Muffled Deep Time Contagion 128 kbps Objects, 2012
Muffled Deep Time Contagion 128 kbps Objects, 2012

Muffled Deep Time Contagion 128 kbps Objects, 2012

- shared MP3 files for download
- radio broadcast






Series of 4 field recordings (30 seconds each) made in deep geological repositories (for the long term storage of nuclear waste): Yucca Mountain, Nevada (ignimbrite rock); HADES, Mol, Belgium (plastic clay); Gorleben, Germany (salt dome); and Forsmark, Sweden (granite)



Deep Geological Repository sites are currently being developed for the long-term storage of nuclear waste.

The engineering of the sites acts as an interface between the deep futures of nuclear decay and the material construction process in the present, forcing the question of how timescales of billions of years can enter the design process.

Research at the sites produces simulations of future nuclear decay, using machines which must themselves anticipate becoming obsolete and radiated as geological materials and plastic casings erode. Magnetically stored data files will be erased as particles are recalculated and absorbed into digital coding chains. Further simulations are built to anticipate the effects on machines and the behaviour of resultant radioactivity-data combinations.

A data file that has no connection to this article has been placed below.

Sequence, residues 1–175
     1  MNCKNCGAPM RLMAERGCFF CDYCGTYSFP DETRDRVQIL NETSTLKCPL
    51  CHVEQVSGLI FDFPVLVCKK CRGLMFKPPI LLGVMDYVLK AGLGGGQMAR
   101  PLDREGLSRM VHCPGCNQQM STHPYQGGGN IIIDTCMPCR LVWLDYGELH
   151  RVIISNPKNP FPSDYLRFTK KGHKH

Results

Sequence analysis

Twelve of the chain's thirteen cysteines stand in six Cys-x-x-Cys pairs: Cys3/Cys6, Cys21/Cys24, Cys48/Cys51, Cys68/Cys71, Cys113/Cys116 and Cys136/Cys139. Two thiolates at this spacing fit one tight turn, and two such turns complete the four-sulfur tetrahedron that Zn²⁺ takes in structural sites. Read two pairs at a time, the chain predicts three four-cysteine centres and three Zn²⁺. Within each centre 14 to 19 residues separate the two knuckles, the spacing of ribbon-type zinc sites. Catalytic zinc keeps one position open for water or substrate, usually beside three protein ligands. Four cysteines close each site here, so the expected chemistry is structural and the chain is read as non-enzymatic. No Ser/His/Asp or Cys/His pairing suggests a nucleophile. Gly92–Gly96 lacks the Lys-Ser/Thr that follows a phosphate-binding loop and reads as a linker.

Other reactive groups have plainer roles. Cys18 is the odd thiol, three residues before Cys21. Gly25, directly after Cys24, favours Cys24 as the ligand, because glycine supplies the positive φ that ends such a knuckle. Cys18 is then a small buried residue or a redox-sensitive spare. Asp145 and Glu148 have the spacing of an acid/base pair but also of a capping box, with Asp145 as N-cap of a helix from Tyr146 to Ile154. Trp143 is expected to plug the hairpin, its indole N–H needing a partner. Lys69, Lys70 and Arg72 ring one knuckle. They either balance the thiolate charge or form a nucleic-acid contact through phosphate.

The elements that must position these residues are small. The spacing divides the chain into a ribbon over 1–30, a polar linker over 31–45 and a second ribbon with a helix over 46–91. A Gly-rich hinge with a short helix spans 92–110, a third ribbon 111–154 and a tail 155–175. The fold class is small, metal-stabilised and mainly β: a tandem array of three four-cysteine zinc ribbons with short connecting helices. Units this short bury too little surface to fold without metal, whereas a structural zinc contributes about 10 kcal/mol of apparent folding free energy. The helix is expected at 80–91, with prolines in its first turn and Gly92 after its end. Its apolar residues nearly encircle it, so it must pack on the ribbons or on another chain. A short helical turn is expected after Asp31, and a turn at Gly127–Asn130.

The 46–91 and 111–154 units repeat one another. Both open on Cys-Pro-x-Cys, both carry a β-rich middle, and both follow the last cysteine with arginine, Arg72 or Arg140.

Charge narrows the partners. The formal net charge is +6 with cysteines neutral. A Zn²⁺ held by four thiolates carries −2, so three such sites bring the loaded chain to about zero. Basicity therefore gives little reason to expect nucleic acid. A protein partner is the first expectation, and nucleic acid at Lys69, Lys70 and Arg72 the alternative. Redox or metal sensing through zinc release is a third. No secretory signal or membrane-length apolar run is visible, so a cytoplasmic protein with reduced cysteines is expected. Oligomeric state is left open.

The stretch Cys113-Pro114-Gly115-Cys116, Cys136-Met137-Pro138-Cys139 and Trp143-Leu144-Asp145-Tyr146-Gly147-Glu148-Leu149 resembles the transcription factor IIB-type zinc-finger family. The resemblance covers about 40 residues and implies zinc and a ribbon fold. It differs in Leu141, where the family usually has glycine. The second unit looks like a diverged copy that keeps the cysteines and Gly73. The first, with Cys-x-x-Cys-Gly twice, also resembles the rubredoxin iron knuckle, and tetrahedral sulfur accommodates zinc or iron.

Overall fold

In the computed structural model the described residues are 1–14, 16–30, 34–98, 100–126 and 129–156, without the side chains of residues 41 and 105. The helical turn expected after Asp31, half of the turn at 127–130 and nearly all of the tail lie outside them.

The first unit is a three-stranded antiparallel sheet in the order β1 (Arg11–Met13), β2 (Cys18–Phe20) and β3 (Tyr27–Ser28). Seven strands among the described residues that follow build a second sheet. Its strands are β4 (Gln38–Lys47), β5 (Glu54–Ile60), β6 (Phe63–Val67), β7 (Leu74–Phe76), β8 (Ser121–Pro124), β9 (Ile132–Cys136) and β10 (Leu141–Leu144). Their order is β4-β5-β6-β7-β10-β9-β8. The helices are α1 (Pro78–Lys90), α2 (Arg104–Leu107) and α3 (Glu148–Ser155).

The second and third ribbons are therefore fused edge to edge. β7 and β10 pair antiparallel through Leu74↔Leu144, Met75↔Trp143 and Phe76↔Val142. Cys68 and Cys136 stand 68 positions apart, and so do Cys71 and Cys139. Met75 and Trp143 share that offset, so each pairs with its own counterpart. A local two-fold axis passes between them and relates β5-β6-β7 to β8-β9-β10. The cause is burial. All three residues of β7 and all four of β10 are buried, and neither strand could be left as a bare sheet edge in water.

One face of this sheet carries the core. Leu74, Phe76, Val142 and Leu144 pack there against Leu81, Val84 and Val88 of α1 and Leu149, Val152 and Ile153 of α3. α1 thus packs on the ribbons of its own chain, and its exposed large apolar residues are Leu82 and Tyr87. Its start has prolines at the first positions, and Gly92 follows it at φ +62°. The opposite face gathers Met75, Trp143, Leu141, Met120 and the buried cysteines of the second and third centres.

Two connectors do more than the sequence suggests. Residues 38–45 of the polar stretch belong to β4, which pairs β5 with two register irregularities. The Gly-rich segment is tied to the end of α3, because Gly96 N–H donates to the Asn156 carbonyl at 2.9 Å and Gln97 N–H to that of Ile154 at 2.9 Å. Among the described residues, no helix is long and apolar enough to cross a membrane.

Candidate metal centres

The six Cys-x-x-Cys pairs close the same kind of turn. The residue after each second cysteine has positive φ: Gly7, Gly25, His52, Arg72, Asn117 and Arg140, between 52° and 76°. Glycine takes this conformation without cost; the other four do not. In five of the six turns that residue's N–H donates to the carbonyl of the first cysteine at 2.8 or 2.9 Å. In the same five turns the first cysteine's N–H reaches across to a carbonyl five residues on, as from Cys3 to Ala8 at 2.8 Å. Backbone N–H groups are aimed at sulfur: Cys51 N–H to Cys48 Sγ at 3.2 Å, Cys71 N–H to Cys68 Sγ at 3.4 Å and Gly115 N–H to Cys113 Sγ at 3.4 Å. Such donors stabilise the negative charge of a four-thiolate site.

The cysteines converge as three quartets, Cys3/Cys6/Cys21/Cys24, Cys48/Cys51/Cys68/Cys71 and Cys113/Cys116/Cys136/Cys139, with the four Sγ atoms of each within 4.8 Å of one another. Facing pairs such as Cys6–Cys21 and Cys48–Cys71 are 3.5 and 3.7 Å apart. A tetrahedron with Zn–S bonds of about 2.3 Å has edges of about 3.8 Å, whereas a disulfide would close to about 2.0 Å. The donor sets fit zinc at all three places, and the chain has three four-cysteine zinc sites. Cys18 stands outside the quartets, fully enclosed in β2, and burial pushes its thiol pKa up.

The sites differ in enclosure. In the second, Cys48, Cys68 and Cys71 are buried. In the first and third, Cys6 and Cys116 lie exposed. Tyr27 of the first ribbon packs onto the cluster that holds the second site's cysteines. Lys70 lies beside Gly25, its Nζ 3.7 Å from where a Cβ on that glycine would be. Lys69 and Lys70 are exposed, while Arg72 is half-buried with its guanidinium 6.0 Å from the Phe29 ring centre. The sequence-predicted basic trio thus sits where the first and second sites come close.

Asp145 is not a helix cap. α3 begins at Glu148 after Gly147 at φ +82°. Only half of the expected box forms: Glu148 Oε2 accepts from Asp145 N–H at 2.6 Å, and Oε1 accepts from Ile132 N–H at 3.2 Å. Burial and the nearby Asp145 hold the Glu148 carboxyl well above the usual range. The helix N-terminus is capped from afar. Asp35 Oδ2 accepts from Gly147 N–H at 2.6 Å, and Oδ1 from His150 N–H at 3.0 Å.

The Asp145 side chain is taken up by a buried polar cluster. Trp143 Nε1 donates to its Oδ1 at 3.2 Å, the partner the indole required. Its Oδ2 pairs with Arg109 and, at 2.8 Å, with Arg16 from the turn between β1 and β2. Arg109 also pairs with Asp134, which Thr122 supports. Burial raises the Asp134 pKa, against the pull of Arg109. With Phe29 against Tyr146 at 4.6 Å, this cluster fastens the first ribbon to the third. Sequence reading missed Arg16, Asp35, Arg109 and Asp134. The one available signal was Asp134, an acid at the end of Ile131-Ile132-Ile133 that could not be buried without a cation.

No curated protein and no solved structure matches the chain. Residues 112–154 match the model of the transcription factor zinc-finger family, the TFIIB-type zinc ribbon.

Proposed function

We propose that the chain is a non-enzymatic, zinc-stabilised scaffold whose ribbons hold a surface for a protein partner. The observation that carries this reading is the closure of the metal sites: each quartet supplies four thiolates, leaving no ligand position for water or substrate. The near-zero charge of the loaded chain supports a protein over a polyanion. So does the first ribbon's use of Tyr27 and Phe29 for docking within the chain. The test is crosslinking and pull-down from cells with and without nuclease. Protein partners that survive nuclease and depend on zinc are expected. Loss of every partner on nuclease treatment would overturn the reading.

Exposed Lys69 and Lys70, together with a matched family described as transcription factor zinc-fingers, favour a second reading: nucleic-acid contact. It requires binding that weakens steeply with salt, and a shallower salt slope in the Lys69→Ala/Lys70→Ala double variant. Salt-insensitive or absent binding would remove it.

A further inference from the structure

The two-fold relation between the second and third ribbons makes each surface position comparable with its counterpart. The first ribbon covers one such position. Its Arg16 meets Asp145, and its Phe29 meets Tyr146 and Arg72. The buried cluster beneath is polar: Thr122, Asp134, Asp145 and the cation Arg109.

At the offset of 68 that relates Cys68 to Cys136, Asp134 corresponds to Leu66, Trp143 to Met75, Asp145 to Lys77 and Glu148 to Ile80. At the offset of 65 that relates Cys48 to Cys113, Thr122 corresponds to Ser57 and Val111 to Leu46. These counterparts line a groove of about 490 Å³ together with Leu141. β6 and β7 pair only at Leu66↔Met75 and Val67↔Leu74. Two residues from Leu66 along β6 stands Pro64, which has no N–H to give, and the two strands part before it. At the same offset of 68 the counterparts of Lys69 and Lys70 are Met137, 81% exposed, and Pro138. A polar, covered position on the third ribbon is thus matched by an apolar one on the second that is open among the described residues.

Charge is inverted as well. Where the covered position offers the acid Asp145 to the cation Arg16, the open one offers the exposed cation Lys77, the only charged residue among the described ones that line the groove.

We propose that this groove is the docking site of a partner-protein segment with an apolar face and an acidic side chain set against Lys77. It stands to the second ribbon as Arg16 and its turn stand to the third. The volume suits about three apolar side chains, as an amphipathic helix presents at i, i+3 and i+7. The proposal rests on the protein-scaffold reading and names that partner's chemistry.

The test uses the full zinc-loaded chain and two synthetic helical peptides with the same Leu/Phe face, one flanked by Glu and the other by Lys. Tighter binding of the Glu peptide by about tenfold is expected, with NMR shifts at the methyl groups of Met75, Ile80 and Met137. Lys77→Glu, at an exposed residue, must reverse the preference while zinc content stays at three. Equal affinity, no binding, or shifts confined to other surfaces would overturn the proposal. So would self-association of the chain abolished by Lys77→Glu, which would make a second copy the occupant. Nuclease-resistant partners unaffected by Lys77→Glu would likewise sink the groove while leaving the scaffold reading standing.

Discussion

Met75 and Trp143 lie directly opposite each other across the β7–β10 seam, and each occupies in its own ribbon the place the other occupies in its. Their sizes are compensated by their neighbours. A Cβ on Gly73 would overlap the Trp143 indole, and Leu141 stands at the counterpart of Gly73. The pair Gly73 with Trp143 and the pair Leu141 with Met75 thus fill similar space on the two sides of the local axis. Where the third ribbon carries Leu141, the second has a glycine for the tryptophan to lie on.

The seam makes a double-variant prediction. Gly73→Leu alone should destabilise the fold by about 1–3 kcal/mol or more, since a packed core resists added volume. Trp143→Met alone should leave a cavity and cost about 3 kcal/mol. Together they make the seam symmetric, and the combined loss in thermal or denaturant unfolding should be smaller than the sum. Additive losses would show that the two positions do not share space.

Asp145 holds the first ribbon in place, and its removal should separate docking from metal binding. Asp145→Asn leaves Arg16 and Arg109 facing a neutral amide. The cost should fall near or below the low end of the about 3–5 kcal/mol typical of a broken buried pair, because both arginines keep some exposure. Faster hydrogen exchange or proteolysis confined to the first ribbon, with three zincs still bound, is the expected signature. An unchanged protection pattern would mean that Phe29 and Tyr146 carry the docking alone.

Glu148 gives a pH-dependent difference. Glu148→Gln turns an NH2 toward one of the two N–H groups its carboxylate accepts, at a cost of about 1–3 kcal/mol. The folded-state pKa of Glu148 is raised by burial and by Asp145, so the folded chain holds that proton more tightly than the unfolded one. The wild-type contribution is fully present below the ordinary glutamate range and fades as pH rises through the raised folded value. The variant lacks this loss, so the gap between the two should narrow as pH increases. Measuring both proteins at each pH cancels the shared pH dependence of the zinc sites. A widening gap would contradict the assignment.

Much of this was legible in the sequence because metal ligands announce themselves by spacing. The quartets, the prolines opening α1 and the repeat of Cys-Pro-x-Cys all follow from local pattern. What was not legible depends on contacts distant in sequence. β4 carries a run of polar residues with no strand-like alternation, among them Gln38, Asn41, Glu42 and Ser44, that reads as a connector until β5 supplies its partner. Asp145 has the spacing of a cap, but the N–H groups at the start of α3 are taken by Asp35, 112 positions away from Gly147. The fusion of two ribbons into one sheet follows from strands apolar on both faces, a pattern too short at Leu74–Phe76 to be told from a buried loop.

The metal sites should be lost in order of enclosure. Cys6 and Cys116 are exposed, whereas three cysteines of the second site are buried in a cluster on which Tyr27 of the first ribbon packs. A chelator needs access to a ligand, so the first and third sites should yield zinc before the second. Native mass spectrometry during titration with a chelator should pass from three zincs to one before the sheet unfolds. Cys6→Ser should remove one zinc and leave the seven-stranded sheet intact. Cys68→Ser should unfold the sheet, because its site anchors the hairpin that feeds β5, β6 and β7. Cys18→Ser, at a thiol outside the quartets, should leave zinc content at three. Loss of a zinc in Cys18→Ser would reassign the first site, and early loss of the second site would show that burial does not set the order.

Spaces, deep underground, have been chosen strategically for their geological make-up to remain 'hidden' from public access for many years.

The ambience of these spaces was modelled and captured as an audio signal through the use of a hand-held microphone left at the sites. This was stored as a bitstream of data in a 1,411kbps .wav file on a microSDHC card in my Zoom recorder, and smuggled above Earth. These files were then converted into 128 kbps mp3s using a lossy compression algorithm, uploaded to this site alongside this text, dispersed and transmitted via radio in timed broadcasts.


(from or-bits Basic FM radio show)

I’ve been interested in how thinking about these sites and long term radioactive decay forces a confrontation with times in excess of predicted human timescales, creating an affect of ungrounded panic which the work builds as 'fiction' through sound.

The broadcast draws on two inherent characteristics of internet radio and the 128kbps object. Firstly, the erasure of visual language and discursive content, combined with the compression of the sound file and cancelling out of frequencies creates a ‘de-sublimation’ where any presentation of the experience as grandly and sublimely unknowable is undercut by its necessary conceptual and affective poverty. The sound becomes something unnoticeable, camouflaged into everyday life as a rumbling background semi-awareness.

Secondly, stripped of its content and force, the work comes to be defined by its reception and viral dissemination, spreading an unnamed anxiety. If networked communities are formed around the threshold point of 128 kbps, then the piece provides a muffled reminder of the frequencies that such communities are immunised against.